SINATRA Pro is defined as an adaptation of the SINATRA framework for protein dynamics. Here, the scientists developed a simplicial complex construction step to explicitly model 3D geometric and topological relationships between atomic positions on protein structures.
The researchers likewise used another set of statistical parameters, which they calibrated for complex protein systems.
SINATRA Pro: Abilities and Promises
In this study, the scientists demonstrated the SINATRA Pro’s capability to recognize critical structural and dynamical features in a hierarchical order of proteins with progressively challenging features to resolve statistically.
The five proteins considered, TEM β-lactamase, the Abelson Kinase (Abl1), the HIV-1 protease, Elongation Factor Thermo Unstable (EF-Tu), and Importin-β, go through structural changes in response to a wide scope of well-studied biological phenomena, including mutations, interactions with partners, and small molecule binding.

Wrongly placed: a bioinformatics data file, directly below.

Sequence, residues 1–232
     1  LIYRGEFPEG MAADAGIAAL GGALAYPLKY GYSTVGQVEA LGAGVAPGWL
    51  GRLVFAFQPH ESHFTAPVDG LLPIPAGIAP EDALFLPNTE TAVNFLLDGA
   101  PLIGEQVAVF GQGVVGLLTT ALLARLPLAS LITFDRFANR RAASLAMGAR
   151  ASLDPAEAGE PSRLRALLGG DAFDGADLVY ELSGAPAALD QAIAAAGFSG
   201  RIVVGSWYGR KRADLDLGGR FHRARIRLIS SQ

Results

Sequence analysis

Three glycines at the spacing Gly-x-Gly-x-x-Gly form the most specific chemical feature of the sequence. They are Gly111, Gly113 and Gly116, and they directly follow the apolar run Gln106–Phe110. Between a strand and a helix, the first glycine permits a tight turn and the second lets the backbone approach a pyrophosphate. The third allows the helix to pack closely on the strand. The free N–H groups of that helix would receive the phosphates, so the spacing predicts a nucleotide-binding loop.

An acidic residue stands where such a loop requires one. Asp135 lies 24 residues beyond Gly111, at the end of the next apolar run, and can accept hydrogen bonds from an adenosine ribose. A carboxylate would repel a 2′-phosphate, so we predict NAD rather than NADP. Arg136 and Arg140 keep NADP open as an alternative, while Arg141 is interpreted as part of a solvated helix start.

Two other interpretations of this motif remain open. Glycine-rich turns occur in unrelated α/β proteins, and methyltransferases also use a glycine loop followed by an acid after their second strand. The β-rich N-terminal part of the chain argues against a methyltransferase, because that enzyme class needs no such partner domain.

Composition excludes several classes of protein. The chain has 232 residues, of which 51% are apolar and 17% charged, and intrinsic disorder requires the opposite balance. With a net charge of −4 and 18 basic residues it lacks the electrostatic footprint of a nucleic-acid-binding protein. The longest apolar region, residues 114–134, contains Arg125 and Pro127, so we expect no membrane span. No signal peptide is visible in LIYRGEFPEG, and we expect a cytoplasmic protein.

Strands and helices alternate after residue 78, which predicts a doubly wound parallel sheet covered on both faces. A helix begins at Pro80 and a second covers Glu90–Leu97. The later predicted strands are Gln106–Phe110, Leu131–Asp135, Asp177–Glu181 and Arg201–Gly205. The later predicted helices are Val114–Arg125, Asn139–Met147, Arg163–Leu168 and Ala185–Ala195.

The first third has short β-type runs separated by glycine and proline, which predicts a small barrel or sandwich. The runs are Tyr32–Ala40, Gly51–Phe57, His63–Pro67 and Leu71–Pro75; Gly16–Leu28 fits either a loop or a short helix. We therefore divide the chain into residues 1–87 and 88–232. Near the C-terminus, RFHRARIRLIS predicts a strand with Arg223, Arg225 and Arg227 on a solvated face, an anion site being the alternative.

The scientists demonstrated that SINATRA Pro outperformed standard analytic techniques, including RMSF and PCA, for reliably pinpointing physical locations of biologically relevant conformational changes.
In general, the researchers observed that SINATRA Pro holds incredible promise for extricating topological differences between two sets of protein structures from meaningless statistical noise.
There are numerous expected extensions to the SINATRA Pro pipeline. In the first place, in its current structure, SINATRA Pro treats all atomic features as being similarly important a priori to the phenotype of interest.
One especially intriguing extension of the technique would be to up, or down-weight the contributions of various kinds of atomic features (e.g., carbons, hydrogens, or oxygens) or residues (e.g., serine versus arginine) to more precisely represent the topology of explicit inter-atomic connections like hydrogen and covalent bonds.